My essay considered the various theories of madness – schizophrenia, Asperger’s, syphilis and bipolar. But I argued that I didn’t believe Vincent was mad. He was just one of those people whose greatness is not appreciated until it is too late – and the many sadnesses and rejections he endured in his life made his yearning for happiness, and his pursuit of it, ever more frantic.

When I think about Vincent during moments of near insanity in my PhD, I remember his persistence to carry on with what he wanted so badly to do, and the beauty and elegance he portrayed in his work despite being a complex and imperfect person.

This is something I strive to do.

And in closing he was ever the gentleman…

Handshakes!

Data collection for the winter has started.

I keep telling myself this is my last study.

That doesn’t seem to help.

I was reading a critique paper from my field last night and it just dawned on me what a vast area of intellectual space our knowledge already covers, even in a relatively new topic like mine. Research and theory in my area has virtually exploded in the last 15 years, and the more you read about it, the more sure you are that you couldn’t possibly come up with something new, and useful, to add to it.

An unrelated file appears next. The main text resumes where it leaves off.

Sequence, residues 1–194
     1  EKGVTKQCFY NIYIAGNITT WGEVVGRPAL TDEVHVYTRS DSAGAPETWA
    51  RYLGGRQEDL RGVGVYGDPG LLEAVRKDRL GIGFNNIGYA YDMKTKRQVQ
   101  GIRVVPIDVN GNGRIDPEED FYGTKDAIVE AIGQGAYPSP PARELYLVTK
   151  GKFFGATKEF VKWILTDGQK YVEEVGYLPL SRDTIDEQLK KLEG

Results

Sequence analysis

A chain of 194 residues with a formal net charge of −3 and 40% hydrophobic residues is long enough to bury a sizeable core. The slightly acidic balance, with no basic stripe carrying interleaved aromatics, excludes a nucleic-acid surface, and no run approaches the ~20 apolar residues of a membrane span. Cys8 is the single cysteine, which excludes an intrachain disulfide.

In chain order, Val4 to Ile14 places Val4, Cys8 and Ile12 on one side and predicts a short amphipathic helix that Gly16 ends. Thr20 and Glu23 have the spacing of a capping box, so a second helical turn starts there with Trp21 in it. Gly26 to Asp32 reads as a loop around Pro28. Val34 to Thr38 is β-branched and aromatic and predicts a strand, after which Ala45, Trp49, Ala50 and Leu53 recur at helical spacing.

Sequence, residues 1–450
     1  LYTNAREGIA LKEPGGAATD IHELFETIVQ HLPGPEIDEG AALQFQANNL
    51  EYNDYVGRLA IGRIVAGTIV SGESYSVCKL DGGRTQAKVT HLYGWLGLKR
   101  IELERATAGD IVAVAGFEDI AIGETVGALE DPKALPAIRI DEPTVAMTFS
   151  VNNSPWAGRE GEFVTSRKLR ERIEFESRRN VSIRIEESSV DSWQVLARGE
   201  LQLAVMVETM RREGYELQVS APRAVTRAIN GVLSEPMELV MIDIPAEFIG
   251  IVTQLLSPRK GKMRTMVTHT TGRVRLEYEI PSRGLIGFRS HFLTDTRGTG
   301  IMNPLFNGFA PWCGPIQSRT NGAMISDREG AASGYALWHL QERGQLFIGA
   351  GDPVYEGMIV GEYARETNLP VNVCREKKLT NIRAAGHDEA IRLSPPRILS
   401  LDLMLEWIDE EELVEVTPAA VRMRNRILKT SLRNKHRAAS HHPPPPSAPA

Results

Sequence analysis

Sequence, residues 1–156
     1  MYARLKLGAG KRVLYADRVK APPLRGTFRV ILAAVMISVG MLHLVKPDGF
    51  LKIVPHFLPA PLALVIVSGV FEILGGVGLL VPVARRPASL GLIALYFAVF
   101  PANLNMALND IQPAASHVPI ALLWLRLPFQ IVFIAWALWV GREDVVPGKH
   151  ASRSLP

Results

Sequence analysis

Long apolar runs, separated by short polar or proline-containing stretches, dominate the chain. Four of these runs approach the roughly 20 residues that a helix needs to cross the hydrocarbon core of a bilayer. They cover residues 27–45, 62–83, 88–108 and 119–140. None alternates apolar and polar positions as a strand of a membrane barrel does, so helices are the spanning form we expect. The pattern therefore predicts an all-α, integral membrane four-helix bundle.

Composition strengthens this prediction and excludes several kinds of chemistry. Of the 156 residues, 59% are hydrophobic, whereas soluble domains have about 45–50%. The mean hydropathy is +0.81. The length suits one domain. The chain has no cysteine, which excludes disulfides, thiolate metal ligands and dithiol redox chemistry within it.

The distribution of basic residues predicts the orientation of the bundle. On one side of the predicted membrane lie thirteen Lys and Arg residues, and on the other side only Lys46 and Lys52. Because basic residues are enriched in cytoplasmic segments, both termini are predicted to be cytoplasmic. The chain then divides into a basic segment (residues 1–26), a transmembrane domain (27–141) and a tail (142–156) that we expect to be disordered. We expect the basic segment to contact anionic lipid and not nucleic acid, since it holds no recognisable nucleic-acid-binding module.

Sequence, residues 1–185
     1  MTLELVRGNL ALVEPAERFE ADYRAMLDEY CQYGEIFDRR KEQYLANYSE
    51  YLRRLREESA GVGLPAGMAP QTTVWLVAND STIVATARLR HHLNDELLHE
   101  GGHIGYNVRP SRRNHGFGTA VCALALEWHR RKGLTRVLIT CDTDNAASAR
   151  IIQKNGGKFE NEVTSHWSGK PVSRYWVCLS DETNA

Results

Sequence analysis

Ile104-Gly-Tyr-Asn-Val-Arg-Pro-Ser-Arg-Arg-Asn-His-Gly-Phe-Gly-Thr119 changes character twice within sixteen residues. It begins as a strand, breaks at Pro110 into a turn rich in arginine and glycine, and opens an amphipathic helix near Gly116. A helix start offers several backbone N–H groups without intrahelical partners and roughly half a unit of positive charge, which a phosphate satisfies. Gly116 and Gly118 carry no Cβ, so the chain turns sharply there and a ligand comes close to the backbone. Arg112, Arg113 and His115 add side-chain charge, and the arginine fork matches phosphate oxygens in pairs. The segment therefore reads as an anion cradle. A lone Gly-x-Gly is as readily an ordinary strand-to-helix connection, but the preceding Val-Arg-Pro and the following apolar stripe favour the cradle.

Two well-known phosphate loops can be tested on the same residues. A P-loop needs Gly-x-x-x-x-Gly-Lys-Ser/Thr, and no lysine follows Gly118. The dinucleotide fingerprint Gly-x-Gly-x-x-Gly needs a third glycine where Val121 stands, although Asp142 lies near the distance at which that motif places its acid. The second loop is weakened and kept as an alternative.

So it’s daunting to think about my PhD, and everyone’s PhDs, being “an original contribution to knowledge.”

I’m collecting data for my last study and I’m supposed to make an original contribution to knowledge with it. It seems simple on the face of it, but when you sit on it for a while you realise each chapter of your thesis is essentially a paper in itself, and each paper should be of publishable quality. And by the time you work those brain cells to read all the literature to critique it to come up with the idea to design the project to do the research to write it up to edit it to realise it’s completely wrong to go back and start from scratch to do it all over again to write it up again to edit and delete and rewrite it to get it all bound and sent off to your examiners on time- someone else has already done it all! Ping! Sorry! Your contribution is no longer original!